Q: What key questions do you try to answer when determining whether a patient might have pemphigus vulgaris (PV) or mucous membrane pemphigoid (MMP)? And what are some key biomarkers that help aid in your diagnosis?
A: The keys to diagnosis of autoimmune blistering disorders such as pemphigus and pemphigoid are 1) clinical signs and symptoms, 2) histopathology: taking a biopsy and looking at where the split of the skin occurs, 3) direct immunofluorescence (DIF) in the skin where we look for immunoglobulins to show up in the skin of a lesion, 4) indirect immunofluorescence testing (IIFT) where we look for autoantibodies in the serum that are relevant in these diseases. We can also directly test for key autoantibodies linked to pemphigus or pemphigoid by doing enzyme-linked immunosorbent assay (ELISA). Finally, we sometimes do genetic testing for key immune gene regulators that help us make the diagnosis.
Q: Since both PV and MMP are autoimmune diseases in which antibodies target desmosomal proteins, what antibodies are crucial for detection and what methods are typically used for detecting the antibodies?
A: Autoimmune skin blistering diseases can be divided into 2 groups: pemphigus and pemphigoid. In the pemphigus group, the split in the skin where the blister forms is in the bottom of the epidermis (top layer of the skin). In the pemphigoid group, the split is just below the epidermis (it’s subepidermal). That creates a more fragile type of blister in the pemphigus group and more tense in the pemphigoid group. These related but distinct clinical conditions are linked with slightly different autoantibodies. In PV, the primary autoantibodies are directed against 2 key proteins that help hold the skin together. These proteins are desmoglein-3 (DSG-3) and desmoglein-1 (DSG-1). There have been reports of other non-desmoglein proteins that are relevant for PV, but DSG-3 and DSG-1 are the primary targets. In MMP, the primary autoantibodies are BP180 and BP230. It’s fascinating how the exquisite specificity to slightly different targets within the skin can result in distinct clinical entities.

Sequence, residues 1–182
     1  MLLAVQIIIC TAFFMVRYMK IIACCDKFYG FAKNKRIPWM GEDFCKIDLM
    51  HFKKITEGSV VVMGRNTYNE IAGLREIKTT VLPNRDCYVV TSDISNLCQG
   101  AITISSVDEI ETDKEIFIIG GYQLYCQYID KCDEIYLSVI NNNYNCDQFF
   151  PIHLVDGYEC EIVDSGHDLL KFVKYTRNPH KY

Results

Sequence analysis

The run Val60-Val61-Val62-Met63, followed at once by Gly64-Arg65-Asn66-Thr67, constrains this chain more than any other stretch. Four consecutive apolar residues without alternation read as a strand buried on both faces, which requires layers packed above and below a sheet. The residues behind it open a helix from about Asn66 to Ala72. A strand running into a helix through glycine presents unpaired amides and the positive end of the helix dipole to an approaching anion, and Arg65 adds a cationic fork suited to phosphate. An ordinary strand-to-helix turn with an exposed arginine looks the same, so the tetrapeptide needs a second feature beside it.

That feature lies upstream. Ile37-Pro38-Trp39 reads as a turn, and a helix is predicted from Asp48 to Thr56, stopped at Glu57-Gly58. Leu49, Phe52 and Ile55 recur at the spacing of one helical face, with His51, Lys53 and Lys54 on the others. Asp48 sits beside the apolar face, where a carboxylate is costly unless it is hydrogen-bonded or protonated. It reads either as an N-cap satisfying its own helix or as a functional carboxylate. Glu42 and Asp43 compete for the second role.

Q: According to the International Pemphigus & Pemphigoid Foundation, it took patients 10 months on average to achieve a correct diagnosis. Why is early detection important and what are some sequalae patients should look out for that could potentially be irreversibly damaging?
A: If we think of these diseases as a runaway train, you can imagine that the longer you wait to stop this train, the more damage and destruction can occur in the body. It’s imperative that we have the tools to help recognize molecular and immune components that are contributory to disease to detect them and implement therapies that will halt this runaway train.
Q: What are some methods used to monitor disease activity? Are there similar methods for monitoring therapeutic drug activity too?
A: To monitor disease activity, we first rely on clinical features and documenting the lesions on mucosal and non-mucosal surfaces of the skin. Secondly, we can monitor the key autoantibodies that are relevant for pemphigus and pemphigoid diseases. We do this mainly by ELISA, but new tools are coming to help us track and follow the abundance of these autoantibodies in the serum of patients. Additionally, there has been work looking at cytokines (soluble immune mediators) of the immune system that may also be key in promoting disease. Finally, we are also looking across the genome to see what genes are increased or decreased in the blood or tissue to determine what factors beyond autoantibodies are relevant for disease. Together, we hope to get increasingly robust elements to look at when we’re tracking and monitoring disease and response to treatment.